75 years ago, on September 29–30, 33,771 Jews were systematically massacred in the ravines just northwest of Kiev’s city center.
Ten days earlier, the Nazis had occupied Ukraine. In a few short days, they posted notices all over Kiev telling Jews to gather at Viis’kove cemetery for relocation. Any Jew who failed to report would be shot on sight.
The Nazis didn’t expect more than 5000 people to show up, but nearly 34,000 did.
I wasn’t there. I can’t be sure, but I imagine that the Jewish community was in turmoil — packing what was important to them: cooking pans, good shoes, winter clothes. Maybe they were resigned: another relocation like all the relocations that had come before.
Their children must have been holding their hands tight. Maybe they thought that no one would want to hurt children. Maybe they thought they were safe as long as they were surrounded by their families.
Where will we ever be home? They may have thought. Because isn’t that our curse: to always be looking for that one safe space.
As I write this, my chest tightens and my heart beats faster. Thinking about that day makes me anxious and nervous.
I think of those tens of thousands of Jews waiting at the cemetery. Their children holding their hands tight. The sky that bright end of September blue. The air crisp and clean. The sounds of war: gunshots and cries that had become so common as to be unnoticed.
A man wrote their names in a notebook.
They were marched into the ravines, forced to undress. Anyone who resisted was beaten, shoved to the ground.
They turned a corner in a deep crevasse and were shot, one at a time by soldiers with machine guns.
The corpses piled up and up.
By September 30, 1941, 33,771 had been killed. Twenty-one people survived. One, an actress. It’s her testimony that gives us the most details about that day.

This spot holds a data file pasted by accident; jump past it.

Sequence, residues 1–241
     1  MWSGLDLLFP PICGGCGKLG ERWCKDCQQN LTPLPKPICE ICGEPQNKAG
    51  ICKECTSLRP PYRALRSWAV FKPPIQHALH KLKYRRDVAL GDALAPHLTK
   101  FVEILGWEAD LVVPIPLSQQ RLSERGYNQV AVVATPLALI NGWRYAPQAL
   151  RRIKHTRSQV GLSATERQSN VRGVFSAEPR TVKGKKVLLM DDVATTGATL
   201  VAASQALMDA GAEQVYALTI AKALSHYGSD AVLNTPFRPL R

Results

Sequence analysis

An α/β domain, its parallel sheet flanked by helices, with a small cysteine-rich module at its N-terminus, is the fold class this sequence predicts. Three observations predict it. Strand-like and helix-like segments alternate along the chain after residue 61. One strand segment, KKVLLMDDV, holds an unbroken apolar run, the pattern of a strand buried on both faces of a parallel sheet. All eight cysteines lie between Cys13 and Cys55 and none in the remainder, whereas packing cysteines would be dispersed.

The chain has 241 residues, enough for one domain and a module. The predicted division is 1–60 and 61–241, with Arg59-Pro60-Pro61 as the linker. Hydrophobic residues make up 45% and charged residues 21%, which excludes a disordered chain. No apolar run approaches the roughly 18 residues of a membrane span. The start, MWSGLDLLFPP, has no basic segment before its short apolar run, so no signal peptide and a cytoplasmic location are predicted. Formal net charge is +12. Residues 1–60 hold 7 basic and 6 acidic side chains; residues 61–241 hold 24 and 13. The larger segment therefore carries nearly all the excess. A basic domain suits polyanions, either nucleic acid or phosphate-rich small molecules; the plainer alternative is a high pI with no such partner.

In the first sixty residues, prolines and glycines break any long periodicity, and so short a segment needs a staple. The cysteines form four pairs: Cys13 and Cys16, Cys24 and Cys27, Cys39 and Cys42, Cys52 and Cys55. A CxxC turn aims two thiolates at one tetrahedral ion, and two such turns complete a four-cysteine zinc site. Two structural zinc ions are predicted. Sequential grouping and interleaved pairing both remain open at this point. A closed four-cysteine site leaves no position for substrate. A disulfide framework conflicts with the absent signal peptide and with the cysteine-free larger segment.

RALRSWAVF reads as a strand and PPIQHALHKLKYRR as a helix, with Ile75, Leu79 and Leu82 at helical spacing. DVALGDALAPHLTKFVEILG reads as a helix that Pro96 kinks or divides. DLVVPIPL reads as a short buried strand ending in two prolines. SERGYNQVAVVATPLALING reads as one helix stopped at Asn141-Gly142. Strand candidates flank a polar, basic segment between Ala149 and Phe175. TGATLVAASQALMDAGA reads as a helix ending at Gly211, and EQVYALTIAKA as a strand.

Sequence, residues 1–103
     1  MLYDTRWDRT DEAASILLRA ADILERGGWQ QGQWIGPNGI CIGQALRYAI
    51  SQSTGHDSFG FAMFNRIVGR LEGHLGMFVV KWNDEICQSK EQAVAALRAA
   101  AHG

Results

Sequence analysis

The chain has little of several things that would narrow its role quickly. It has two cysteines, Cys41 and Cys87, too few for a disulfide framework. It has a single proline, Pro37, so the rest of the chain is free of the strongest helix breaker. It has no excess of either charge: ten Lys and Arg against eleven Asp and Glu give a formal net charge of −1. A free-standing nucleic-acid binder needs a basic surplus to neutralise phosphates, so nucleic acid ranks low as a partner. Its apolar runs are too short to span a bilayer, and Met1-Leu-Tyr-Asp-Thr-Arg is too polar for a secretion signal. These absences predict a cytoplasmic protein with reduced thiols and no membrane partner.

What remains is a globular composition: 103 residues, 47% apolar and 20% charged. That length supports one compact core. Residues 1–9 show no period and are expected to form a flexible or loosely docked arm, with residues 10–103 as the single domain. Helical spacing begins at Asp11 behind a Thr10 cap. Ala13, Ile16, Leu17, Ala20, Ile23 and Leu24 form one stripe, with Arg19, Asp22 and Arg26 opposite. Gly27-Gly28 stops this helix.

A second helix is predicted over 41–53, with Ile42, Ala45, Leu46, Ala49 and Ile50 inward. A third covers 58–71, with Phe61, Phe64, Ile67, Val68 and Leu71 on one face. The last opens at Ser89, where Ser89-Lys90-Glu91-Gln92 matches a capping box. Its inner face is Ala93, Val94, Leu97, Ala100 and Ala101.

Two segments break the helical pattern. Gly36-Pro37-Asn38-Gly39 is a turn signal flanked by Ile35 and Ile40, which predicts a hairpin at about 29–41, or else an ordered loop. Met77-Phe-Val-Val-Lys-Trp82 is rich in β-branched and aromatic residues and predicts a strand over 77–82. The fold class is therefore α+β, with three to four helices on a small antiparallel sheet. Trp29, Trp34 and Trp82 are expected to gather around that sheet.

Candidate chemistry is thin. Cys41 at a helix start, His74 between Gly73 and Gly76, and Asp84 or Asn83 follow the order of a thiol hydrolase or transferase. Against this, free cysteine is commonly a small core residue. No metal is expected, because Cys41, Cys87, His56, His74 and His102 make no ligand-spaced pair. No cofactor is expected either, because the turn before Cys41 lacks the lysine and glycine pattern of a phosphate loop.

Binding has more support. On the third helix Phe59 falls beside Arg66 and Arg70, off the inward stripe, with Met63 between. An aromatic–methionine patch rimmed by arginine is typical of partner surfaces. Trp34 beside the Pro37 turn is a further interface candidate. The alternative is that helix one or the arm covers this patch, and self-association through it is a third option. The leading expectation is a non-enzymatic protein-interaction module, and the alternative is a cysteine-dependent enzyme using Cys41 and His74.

The killing didn’t end. It continued throughout the war until it was clear that it was going to be lost. And then the burning of the bones began. It was hoped that no one would ever know how many were killed at Babyn Yar.
I went there. It was the first time any of my family had stepped foot in Eastern Europe in 100 years. This past summer, I was in Kiev. For work.
We took the subway to Babyn Yar, the area where the massacre took place. It was a short ride from the center of Kiev. I had steeled myself. Locked my emotions in a room inside my heart.
I told myself that the place would have no hold over me. I told myself that I would feel nothing, that I would not be sentimental, that I would not break down. The dead would not speak to me. The killers would not scare me. I would feel no horror. Babyn Yar would be nothing more than a park.
What a mess the place was. Random markers with overwrought figures that made it seem as if those who died there were heroic. It’s kitsche with a capital K. A small Jewish graveyard is uncared for, the stones marking each grave broken and lying around in shards. There are crosses, cause why not? Why not put crosses everywhere you can and steal even this bit of peace? Fuck you cross, I wanted to scream. I might have told myself I wouldn’t feel anything, but I did feel anger.
I was angry when I saw a brand new mini historical village with a colorful church and people pretending to be villagers.
I was angry at the broken doll statue. I was angry at the menorah.